The most expansive commemoration programme to date was planned for the twenty-fifth anniversary. The aim was to turn the Bloody Sunday weekend into an international event.
The campaign had broken into the mainstream British media. In January 1997, Channel Four News broadcast the first of an explosive series of reports - an interview with an anonymous paratrooper who admitted that unarmed civilians had been targeted on Bloody Sunday. The following week, on Tuesday 21 January 1997, author Don Mullan launched his groundbreaking book, 'Eyewitness Bloody Sunday' in Creggan. Almost 700 people turned up.
The same week saw more than a dozen Conservative and Labour MPs lodge early day motions at Westminster calling for a new independent, international inquiry into Bloody Sunday.
The 1997 milestone anniversary culminated in two key shared events – the launch of the newly established Bloody Sunday Trust and the publication of Professor Walsh’s analysis of the new evidence unearthed by Patricia Coyle.
The Bloody Sunday Trust planned to submit Professor Walsh’s 'The Bloody Sunday Tribunal of Inquiry – A Resounding Defeat for Truth, Justice and the Rule of Law' to the British and Irish governments as part of a renewed bid for a fresh inquiry.
The Bloody Sunday Justice Campaigners pictured outside West End Park before taking their campaign to the US. (Derry Journal).jpg
The Bloody Sunday Justice Campaigners pictured outside West End Park before taking their campaign to the US. (Derry Journal)
By the time the twenty-fifth anniversary arrived, public support for the campaign was at its highest point. On a crisp, cold Sunday afternoon, more than 40,000 people took to the streets and marched along the original 1972 route.
In February 1997, a delegation of relatives held talks with John Bruton in Dublin. They urged the Taoiseach to use his influence with the Clinton administration in the US to raise the issue of a new inquiry.
The impact of Don Mullan’s book helped the families solidify their contacts with the Irish government. On 20 February 1997, a busload of campaigners, lawyers and family members set off for Dublin for a packed itinerary of meetings with various dignitaries, including the Taoiseach, Tánaiste, and Foreign Affairs Minister. The Irish government, swayed by the mountain of new evidence, agreed to do all it could to help and vowed to draw up a compendium of all the new evidence for submission to the British government.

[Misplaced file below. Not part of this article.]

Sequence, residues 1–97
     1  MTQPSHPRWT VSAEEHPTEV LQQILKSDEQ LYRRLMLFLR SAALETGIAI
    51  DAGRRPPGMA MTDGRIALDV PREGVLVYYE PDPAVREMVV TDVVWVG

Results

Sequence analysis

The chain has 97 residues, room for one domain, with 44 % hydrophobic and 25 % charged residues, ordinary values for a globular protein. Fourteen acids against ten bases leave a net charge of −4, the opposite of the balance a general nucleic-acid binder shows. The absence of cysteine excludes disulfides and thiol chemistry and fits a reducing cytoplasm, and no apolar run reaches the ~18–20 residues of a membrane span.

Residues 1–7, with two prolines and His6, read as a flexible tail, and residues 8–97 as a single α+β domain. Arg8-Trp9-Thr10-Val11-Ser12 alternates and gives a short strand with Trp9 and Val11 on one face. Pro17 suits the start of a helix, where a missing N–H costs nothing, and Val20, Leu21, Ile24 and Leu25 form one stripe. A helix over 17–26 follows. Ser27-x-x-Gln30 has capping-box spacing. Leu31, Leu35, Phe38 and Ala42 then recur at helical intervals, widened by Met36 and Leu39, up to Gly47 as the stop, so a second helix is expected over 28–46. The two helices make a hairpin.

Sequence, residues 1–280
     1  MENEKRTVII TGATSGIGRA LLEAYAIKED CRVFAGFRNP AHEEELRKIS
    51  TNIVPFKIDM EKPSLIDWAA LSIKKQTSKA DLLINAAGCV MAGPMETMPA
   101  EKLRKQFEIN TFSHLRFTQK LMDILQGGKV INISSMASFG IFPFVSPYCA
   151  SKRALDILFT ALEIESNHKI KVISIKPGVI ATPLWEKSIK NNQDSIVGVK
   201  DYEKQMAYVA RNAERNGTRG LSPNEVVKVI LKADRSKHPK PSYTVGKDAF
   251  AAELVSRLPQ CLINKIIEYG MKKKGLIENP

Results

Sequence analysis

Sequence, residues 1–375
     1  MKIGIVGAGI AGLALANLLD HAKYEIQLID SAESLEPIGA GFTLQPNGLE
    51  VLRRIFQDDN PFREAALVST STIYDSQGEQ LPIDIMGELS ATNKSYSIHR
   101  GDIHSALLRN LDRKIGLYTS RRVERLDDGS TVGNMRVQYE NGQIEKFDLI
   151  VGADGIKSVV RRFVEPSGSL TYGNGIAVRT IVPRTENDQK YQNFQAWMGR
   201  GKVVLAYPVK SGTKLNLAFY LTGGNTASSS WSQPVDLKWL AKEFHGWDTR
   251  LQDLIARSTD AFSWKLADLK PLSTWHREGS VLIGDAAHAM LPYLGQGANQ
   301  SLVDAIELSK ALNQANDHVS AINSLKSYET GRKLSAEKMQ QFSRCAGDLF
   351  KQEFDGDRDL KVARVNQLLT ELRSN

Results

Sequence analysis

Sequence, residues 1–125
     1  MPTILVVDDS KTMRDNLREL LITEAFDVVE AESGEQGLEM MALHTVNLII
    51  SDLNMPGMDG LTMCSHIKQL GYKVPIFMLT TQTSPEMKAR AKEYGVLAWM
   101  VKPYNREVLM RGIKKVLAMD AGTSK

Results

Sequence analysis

A delegation of relatives and author Don Mullan prepared for a week-long lobbying trip to the US, where they took part in New York and Boston St Patrick’s Day parades, attended a St Patrick’s Day event in the White House and spoke to Congressional leaders at Capitol Hill. Congressional representatives vowed to write a letter in support of a new inquiry, and seventy-two Congressmen eventually signed this letter.
In March 1997, the Sunday Business Post in Dublin ran the story of a former para admitting that unarmed civilians had been deliberately killed on Bloody Sunday. Soldier 027 alleged that his company had been told by their Lieutenant the evening before Bloody Sunday to ‘get some kills’. He also alleged that some of his colleagues had been in possession of their own additional ammunition, including illegal dum-dum bullets, and that many soldiers’ accounts had been doctored by lawyers to tally with the version of events favoured by the army.
Two days later, Channel 4 News broadcast an interview with another anonymous paratrooper who revealed an uncannily similar account to that of Soldier 027, admitting that ‘shameful and disgraceful acts’ had been committed in Derry.